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Task #598

closed

Git + Bibisect

Added by Joel Madero over 9 years ago. Updated over 8 years ago.

Status:
Closed
Priority:
Normal
Category:
QA
Target version:
-
Start date:
Due date:
% Done:

0%

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Description

The task to be carried out is to get one repository for bibisect, available via git, that provides everything available for the specific platform, from the most recent branch point (currently 5.1) up to current master. The rationale is to have a mechanism to check the most recent regressions on a daily basis.

Then once 5.2 branch point occurs - git would follow that branch (5.2 - master) just like we have "master branch" for building

Actions #1

Updated by Bjoern Michaelsen over 9 years ago

  • Project changed from 49 to Infrastructure

moving to infrastructure project as per https://redmine.documentfoundation.org/issues/599#note-2

Actions #2

Updated by Bjoern Michaelsen over 9 years ago

  • Category set to QA
Actions #3

Updated by Christian Lohmaier over 9 years ago

a single repository covering the whole range would be rather large, so I'm personally not a big fan of those. Having separate bibisect repositories covering the time between branch points is more manageable in my opinion.

Or do you mean creating the bibisect repository from the tinderbox builds? This is done for windows already and can be extended to more tinderboxes. Drawback of those repositories is that they also grow large rather quickly, as the compression is not as effective as when done over the whole repository.

Actions #4

Updated by Florian Effenberger over 9 years ago

  • Status changed from New to Feedback
  • Assignee set to Christian Lohmaier

Assigning to Cloph, as he or Robinson are the most likely takers ;-)
Joel, can you give feedback what precisely is required?

Actions #5

Updated by Joel Madero about 9 years ago

Florian Effenberger wrote:

Assigning to Cloph, as he or Robinson are the most likely takers ;-)
Joel, can you give feedback what precisely is required?

Well it really depends on if it can be done at all.The idea is just that currently you have to manually download multiple packages for bibisect and they only go through the last commit in the individual package. It would be nice if instead we could do a git pull of some kind and be completely up to date and have it all in one bibisect (instead of the current two, which at some point will turn to 3 and 4...etc...)

So ideally:
1. Ability to git pull daily so we are up to date always on bibisect - with our current QA team I think that we could catch regressions and have them bibisected within days;
2. Ability to download a subset of the bibisect for those who do not want to have 15+ gigs, for instance download from 4.0 branch point - present, and use git pull to add to it daily;

Let me know if that helps. I'm not sure if it's feasible, Robinson likely has some thoughts on if it is but if this were done it would also save Robinson the effort of having to package bibisect every few weeks (or whatever time frame he does it).

Actions #6

Updated by Florian Effenberger almost 9 years ago

Cc'ing Robinson
Robinson, can you give some feedback with your thoughts, and also let me know if you can work on this?

Actions #7

Updated by Robinson Tryon almost 9 years ago

Florian Effenberger wrote:

Cc'ing Robinson
Robinson, can you give some feedback with your thoughts, and also let me know if you can work on this?

I've talked briefly with mjfrancis about some of our bibisect goals. He's working on some advanced packing, and calculating/testing what a more complete coverage of commits would take (i.e. builds of each commit), which would make the results of bibisect more accurate and provide a more direct answer akin to 'git blame'.

Well it really depends on if it can be done at all.The idea is just that currently you have to manually download multiple packages for bibisect and they only go through the last commit in the individual package. It would be nice if instead we could do a git pull of some kind and be completely up to date and have it all in one bibisect (instead of the current two, which at some point will turn to 3 and 4...etc...)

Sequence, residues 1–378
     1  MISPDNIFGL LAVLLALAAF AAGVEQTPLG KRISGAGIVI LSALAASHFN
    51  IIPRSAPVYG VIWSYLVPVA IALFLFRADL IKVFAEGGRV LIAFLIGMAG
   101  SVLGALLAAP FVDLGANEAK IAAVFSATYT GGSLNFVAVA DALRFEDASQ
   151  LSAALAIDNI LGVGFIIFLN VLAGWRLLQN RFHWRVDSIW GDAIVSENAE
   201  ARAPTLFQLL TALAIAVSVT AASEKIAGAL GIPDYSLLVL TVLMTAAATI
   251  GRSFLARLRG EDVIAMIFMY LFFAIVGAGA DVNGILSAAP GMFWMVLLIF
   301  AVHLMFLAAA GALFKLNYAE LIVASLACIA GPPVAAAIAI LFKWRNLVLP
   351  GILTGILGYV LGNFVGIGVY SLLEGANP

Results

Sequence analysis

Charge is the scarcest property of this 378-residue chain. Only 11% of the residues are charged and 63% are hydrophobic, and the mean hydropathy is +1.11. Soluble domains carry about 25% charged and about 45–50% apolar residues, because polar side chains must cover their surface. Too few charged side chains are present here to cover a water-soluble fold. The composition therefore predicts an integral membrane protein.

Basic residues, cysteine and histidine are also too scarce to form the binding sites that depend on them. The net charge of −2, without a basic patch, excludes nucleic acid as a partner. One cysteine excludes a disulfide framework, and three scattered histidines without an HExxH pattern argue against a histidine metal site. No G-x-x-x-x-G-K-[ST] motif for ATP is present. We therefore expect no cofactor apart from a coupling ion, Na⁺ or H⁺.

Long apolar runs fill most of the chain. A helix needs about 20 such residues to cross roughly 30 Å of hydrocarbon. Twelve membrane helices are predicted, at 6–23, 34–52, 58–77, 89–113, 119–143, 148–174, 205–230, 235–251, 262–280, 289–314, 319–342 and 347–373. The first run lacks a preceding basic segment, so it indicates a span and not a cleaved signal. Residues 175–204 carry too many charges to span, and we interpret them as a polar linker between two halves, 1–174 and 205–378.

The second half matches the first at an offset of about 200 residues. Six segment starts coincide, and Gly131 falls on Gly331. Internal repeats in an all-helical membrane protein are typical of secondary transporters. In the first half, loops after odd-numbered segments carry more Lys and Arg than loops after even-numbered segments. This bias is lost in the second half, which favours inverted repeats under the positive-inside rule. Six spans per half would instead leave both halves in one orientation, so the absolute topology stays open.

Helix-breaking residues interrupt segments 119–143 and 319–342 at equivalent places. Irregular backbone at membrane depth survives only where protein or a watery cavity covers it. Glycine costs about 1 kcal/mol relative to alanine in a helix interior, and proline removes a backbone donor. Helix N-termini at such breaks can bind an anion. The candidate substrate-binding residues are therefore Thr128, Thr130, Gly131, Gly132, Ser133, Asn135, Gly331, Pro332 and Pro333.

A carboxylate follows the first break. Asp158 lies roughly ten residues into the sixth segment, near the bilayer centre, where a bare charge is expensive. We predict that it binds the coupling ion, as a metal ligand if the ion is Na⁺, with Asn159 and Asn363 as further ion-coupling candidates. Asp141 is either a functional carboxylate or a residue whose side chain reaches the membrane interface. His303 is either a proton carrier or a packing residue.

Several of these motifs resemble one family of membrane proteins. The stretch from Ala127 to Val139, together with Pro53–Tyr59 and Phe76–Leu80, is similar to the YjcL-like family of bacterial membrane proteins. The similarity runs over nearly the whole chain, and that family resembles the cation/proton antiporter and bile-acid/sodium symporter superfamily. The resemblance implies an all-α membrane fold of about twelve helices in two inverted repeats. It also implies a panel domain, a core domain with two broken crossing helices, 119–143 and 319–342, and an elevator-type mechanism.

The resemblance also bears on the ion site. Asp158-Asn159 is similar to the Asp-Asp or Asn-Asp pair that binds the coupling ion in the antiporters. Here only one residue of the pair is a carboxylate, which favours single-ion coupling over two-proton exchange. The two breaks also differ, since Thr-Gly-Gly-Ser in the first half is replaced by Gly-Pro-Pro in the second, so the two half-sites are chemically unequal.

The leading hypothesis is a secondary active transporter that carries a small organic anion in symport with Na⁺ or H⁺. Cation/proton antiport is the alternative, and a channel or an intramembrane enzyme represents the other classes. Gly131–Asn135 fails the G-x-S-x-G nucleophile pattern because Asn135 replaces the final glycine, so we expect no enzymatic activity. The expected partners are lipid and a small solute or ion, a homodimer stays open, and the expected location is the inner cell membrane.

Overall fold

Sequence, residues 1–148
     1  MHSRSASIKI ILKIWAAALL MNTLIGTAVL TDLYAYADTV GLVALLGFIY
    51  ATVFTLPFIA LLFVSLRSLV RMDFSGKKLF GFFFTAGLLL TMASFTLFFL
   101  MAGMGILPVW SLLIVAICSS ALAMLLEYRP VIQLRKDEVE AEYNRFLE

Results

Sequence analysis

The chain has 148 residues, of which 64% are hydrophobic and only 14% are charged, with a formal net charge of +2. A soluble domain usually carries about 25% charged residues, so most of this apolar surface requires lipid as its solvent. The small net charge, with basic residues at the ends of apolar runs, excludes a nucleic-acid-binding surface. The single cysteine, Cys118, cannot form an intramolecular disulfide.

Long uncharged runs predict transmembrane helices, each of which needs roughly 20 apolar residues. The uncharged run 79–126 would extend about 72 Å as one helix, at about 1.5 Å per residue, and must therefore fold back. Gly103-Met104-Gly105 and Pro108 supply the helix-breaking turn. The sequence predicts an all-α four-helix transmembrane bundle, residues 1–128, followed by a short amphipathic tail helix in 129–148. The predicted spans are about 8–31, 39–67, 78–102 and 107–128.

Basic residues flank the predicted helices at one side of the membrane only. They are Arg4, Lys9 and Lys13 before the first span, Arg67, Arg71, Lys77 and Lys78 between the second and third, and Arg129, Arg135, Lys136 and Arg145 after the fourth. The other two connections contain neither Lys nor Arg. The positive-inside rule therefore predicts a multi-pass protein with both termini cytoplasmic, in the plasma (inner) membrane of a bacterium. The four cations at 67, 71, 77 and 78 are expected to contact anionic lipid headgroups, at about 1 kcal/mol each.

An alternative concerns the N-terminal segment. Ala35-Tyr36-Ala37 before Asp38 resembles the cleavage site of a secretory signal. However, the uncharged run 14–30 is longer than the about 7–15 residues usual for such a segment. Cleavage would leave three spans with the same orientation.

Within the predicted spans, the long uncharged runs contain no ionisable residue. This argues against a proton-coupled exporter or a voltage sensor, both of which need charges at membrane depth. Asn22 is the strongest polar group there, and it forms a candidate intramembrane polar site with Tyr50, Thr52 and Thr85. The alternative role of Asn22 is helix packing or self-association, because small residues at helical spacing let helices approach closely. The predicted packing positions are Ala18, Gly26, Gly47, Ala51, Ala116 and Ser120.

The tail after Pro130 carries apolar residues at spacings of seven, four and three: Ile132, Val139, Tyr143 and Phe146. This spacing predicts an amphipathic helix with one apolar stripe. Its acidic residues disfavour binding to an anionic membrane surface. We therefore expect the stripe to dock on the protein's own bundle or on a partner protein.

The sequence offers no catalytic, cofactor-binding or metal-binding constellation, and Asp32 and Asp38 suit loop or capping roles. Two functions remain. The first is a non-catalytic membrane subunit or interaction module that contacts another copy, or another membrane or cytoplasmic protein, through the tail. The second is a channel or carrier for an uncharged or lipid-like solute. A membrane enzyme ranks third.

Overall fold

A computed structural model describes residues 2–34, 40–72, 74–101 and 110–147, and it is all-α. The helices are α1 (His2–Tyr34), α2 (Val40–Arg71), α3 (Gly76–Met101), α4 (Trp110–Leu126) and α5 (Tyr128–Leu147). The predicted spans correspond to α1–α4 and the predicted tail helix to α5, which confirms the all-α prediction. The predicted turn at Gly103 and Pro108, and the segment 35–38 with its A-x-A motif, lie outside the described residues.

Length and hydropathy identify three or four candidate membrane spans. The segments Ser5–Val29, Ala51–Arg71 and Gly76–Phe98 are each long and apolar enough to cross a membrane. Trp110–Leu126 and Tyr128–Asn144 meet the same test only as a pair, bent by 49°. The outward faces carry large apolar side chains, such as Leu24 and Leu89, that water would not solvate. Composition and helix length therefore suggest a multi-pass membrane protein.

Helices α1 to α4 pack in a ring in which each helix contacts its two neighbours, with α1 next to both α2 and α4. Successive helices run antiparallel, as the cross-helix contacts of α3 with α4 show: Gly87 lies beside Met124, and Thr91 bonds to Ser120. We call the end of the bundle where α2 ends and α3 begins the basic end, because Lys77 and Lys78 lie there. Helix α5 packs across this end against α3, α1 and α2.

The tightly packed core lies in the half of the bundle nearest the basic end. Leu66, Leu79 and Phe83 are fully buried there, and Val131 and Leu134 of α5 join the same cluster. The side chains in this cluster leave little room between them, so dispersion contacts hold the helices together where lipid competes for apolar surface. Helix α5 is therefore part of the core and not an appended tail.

I think it's definitely something doable from a technical perspective, we just need to make sure we understand how much of a data diff people will have to pull down each time (whether they're 1 day or 1 week out of date)

So ideally:
1. Ability to git pull daily so we are up to date always on bibisect - with our current QA team I think that we could catch regressions and have them bibisected within days;
2. Ability to download a subset of the bibisect for those who do not want to have 15+ gigs, for instance download from 4.0 branch point - present, and use git pull to add to it daily;

Yep

Actions #8

Updated by Robinson Tryon almost 9 years ago

2. Ability to download a subset of the bibisect for those who do not want to have 15+ gigs, for instance download from 4.0 branch point - present, and use git pull to add to it daily;

So what's a reasonable chunk-size? Conceptually, it'd make sense to chunk on each release branch (4.4, 4.5, etc..), however I don't know how much this might increase the overall sum of sizes...

Actions #9

Updated by Christian Lohmaier almost 9 years ago

mjfrancis created a version of the 4.4 linux bibisect that covers every buildable commit in the range (if I understood correctly), and that is a 7.5 GB tarball. this size is manageable, and fits on a 8GB USB-stick...

And with that many commits covered, the git overhead should be rather slim, I don't expect noteworthy changes in disk-space when combining that with another bibisect repo. (as you cannot use huge comparison windows or diff-chains when gc'ing/repacking the repository, as even if you have enough RAM to process it when creating the repo, larger diff-numbers increase the time to switch between versions (and of course much larger repo also prevents having the repo-data in disk-cache locally when performing the bibisect)

I think for the individual repositories, we should aim for 8GB as the upper boundary in size. Do we have a rough feeling about what percentage of requests require switching between the bibisect repositories? I mean right now the backlog of bibisect requests/old issues has been reduced significantly, leaving only "newly introduced" regressions that should be covered by either master or by the 44 repo?

But I might be completely wrong with that assumption. My gut feeling is that the by-branch chunks are reasonable. You know when the range they cover starts and ends, and it is also easy to figure out with which to start by reading a bugreport.

Actions #10

Updated by Robinson Tryon almost 9 years ago

Christian Lohmaier wrote: